Rice Farmers In Cambodia To Benefit From Oxfam Blockchain Project


Oxfam International Is Working On A New Blockchain Project That Would Support Rice Farmers in Cambodia

Oxfam International is famous for their group of charitable organizations, which are all independent, but somehow work together to support different causes around the world. One of their most recent concerns has been the rice farmers in Cambodia, who struggle to get fair prices for their produce. In this new venture, the group wants to work towards changing that with the use of blockchain.

The project, which is only in the beginning stages of their pilot phase, is called the Blockchain for Livelihoods from Organic Cambodian Rice, but it has been nicknamed “Blocrice.” On the blockchain, the price of rice will be logged in the area, helping farmers to find the fairest prices for their crops. When it begins, the first group of people initiated into the project will be just 50 organic rice farmers. However, once the pilot is over and the blockchain has been tested, then the rest of the country will be brought into the blockchain.

According to the managing director of AmruRice, Kann Kunthy, the goal of this project is “to bring traceability, transparency, financial literacy, and best practices [to] contract farming in Cambodia.” AmruRice is one of the rice exporters that will be involved in the pilot.

One report shows that Blocrice will work towards improving contract farming, which will involve exporters, farmers’ cooperatives, rice cracker makers, and related stakeholders. By using blockchain technology, there will be contracts that dictate the price upon purchase, trade volume, delivery method, and other important information for farmers. With this information available, trade and payment records will be recorded in real time, giving a reliable source of information for farmers across the country.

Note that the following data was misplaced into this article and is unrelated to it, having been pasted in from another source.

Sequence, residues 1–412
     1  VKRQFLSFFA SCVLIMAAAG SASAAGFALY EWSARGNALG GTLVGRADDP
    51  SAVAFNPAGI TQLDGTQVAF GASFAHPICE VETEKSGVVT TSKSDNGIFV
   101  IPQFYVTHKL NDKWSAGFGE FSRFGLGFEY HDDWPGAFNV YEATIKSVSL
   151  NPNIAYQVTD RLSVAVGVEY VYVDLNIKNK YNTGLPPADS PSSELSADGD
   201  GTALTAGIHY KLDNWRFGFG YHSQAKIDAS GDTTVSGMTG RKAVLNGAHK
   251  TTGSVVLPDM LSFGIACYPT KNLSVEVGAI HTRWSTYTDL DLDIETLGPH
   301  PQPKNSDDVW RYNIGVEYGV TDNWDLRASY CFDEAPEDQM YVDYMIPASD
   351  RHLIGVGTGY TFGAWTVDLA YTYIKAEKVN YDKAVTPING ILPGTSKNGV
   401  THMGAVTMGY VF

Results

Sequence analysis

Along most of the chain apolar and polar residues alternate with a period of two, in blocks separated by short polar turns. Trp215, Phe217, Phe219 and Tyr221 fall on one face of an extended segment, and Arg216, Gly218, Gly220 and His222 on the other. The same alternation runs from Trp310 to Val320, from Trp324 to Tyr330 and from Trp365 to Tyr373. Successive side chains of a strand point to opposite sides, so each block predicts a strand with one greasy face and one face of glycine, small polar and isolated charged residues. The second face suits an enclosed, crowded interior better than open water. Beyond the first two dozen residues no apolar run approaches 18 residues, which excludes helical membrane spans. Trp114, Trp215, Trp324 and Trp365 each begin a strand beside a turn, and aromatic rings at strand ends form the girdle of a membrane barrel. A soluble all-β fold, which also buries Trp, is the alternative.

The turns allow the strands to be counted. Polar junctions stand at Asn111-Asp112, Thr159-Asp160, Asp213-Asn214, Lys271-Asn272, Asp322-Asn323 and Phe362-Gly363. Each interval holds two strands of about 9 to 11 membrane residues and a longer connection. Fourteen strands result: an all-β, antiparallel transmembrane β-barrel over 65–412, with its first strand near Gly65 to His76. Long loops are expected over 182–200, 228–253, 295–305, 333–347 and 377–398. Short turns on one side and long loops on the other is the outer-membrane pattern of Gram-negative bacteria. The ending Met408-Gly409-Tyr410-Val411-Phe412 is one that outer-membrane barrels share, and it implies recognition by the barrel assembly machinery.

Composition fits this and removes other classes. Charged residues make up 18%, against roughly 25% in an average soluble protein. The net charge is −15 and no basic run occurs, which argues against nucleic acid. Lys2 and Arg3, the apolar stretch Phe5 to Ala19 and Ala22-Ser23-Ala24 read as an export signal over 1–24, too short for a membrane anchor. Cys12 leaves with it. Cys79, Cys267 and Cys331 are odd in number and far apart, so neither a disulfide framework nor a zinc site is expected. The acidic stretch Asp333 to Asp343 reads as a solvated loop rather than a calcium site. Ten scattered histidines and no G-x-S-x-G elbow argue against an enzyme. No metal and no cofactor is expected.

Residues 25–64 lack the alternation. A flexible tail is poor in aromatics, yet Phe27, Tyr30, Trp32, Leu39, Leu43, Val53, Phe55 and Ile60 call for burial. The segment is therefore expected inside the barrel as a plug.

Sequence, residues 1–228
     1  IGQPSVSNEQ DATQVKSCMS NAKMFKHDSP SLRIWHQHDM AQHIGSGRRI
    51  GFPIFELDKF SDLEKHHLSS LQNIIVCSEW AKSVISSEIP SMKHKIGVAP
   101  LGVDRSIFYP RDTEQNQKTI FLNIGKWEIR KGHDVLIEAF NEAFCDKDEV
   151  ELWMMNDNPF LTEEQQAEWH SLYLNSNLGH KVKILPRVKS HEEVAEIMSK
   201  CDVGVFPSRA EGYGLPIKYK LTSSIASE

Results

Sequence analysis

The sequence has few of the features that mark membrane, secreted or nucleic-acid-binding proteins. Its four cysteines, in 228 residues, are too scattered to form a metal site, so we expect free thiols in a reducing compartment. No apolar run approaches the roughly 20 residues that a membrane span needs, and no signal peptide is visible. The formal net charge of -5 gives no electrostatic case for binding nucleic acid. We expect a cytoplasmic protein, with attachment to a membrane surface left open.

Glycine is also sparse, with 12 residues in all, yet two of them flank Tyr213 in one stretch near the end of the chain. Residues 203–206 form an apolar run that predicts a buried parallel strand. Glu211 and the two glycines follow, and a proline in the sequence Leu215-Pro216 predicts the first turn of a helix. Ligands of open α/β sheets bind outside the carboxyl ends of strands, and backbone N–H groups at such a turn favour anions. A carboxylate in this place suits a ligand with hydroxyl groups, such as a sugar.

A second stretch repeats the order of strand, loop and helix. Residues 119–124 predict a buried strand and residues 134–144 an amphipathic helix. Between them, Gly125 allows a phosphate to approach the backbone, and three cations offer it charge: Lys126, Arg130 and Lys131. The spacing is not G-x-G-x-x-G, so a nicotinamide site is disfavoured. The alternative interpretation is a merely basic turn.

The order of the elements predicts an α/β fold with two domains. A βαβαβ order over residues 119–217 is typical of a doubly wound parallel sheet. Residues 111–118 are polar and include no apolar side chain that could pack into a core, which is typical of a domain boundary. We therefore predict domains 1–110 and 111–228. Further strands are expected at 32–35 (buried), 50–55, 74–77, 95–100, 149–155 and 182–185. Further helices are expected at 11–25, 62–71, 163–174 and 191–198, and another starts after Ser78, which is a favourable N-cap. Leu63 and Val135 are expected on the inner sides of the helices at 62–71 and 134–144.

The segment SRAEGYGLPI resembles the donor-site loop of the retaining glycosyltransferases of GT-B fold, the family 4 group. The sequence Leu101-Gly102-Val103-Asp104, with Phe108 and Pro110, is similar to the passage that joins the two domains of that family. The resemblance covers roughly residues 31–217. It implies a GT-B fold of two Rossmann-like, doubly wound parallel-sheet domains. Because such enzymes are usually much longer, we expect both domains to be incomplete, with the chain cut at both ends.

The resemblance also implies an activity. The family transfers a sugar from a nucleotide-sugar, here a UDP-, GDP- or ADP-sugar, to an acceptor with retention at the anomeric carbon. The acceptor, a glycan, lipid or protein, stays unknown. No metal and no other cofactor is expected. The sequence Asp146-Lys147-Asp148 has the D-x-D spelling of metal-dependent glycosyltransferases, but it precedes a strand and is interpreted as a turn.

Country director of Oxfam Cambodia, Solinn Lim, said, “Blocrice will give them a platform to empower themselves.” Even though the farmers and workers for farmland are about 60% of the employment within Cambodia, there’s only a select few that have their livelihood protected with a contract.

However, since so many farmers are not under contract, which keeps other farmers in the dark. Furthermore, without this information, traders have the opportunity to offer loans with excessive interest to exploit farmers and their needs. To make matters worse, farmers end up having to see their produce to help fulfill their debts, which results in almost nothing in profits.

Oxfam’s goal is to make a major difference in this problem. With the blockchain technology, farmers can have a bargaining chip while making their contract. The pilot is planned to run until March 2019, which matches with the primary harvest season for Cambodia. When the rainy season comes, they can use the opportunity to sell rice at a price that is more beneficial to them.

A project in the Philippines promises to do something similar, using blockchain with TraXion for farmers and farm workers to use electronic wallets as a way for them to receive payments and their salary. CEO of TraXion explained,

“By engaging farmland owners, they can use the QR code. The QR code will be their e-wallet and can be used in cashless transactions. They can also cash it out through ‘bayad’ [payment] centers.”

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